Monday, June 12, 2006

The art of the "eh"

Here’s a tip for anyone who comes to Rwanda and doesn’t know how to respond to a question: just say “eh.” Not a Canadian “eh,” but with a tone of acknowledgment. (It sounds kind of like, “Eh, how YOU doin’?”) If it were a word, it would be the most popular in the Kinyarwanda language.

“Eh” means about 400 different things. It can mean “oh,” or “yes,” or “sure,” or “I heard you,” or "I don't believe you," or "you're joking," among others. So once you’re beyond the “hello” and “how are you?” and someone asks you a follow-up question, and you have no idea what they’re saying, if you just say, “eh,” people often think that you’ve responded (and therefore understood), and they don’t ask further questions.

It’s also helpful when people talk about you, which is obvious because even a Kinyarwanda amateur can hear “muzungu” dropped into a nearby conversation. Looking up and responding, “eh,” often makes people stop in their tracks, because they think you’ve understood them! And then they laugh (in a good way) because everyone believes that muzungus don’t understand any Kinyarwanda!

On that note, I’m going to add more words to the Kinyarwanda dictionary. I recently found a book (more like a pamphlet) in Kigali with some English-Kinyarwanda vocabulary, and will share...

7 Comments:

Blogger Morgan C. said...

As a p.s. to this post...I was in Kampala (Uganda) this morning, and when the bus driver asked me a question in English, I responded "eh" (not on purpose, but it's really contagious--you can't help but start saying it!).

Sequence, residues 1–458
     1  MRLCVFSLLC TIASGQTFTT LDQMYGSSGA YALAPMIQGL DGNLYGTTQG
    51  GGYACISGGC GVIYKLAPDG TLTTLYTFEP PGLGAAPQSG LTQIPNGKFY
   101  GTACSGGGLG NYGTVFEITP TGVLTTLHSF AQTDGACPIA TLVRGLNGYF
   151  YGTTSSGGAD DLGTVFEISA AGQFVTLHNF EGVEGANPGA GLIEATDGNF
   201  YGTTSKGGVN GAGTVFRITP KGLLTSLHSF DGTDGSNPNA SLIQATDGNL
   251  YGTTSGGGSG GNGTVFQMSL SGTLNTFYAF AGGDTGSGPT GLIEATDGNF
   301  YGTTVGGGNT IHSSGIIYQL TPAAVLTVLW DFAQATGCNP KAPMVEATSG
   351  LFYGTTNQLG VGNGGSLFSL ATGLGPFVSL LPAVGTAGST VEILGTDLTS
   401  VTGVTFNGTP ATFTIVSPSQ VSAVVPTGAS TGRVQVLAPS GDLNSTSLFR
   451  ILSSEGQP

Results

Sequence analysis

The man then asked, "Oh, you speak Kinyarwanda?"

6/12/2006 3:48 PM  
Anonymous A Ng. said...

Hey there Morgan! are you still in rwanda? I've just read some of your postings on your website and I think that I am liking it. Especially the eh thing. I am a rwandan living in Britain. I've never realised how eh is very important. Sometimes my English friends hear me talking to sister. She says a lot of things and I say eh (she know my answer). My friends don't understand how I can respond with eh often.
Do you how to use "buretse gato"?

7/11/2006 9:30 AM  
Blogger Morgan C. said...

No, I confess I don't...but am always willing to learn new phrases!

10/26/2006 12:36 PM  
Anonymous Anonymous said...

Apart from Canada "eh" seems to be used almost all over English speaking West Africa as well. It is usually used as an agreement. Yes a kind of open "eh"...pronounced something like "eeeehhhh"

8/06/2007 12:26 PM  
Anonymous Anonymous said...

Apart from Canada "eh" seems to be used almost all over English speaking West Africa as well. It is usually used as an agreement. Yes a kind of open "eh"...pronounced something like "eeeehhhh"

8/06/2007 12:26 PM  
Anonymous Anonymous said...

I am laughing so hard about your stories about"muzungu." I hope one day I will be able to show my husband wh is Umuzungu our lovely country!

6/10/2010 11:07 PM  
Anonymous Anonymous said...

the other day a ruanda woman asked me if I can make "kunyada" (or similar) with her. I didn´t know what she meant and she laughed but didn´t tell me the meaning.
has anyone an information for me?
willi 1

11/11/2013 3:19 PM  

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